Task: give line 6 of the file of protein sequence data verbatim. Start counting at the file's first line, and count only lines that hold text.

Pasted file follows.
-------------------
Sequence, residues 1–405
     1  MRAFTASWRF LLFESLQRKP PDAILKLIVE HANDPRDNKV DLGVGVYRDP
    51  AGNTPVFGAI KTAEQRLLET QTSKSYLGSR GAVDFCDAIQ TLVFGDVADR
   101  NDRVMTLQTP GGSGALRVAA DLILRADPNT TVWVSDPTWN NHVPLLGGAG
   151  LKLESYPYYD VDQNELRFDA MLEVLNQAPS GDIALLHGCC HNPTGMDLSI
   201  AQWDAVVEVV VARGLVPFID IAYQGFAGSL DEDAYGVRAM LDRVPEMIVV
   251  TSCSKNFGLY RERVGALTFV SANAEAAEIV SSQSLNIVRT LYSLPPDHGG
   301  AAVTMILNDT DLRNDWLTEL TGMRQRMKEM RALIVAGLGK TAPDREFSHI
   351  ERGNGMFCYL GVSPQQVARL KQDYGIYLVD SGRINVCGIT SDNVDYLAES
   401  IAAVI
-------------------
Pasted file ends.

   201  AQWDAVVEVV VARGLVPFID IAYQGFAGSL DEDAYGVRAM LDRVPEMIVV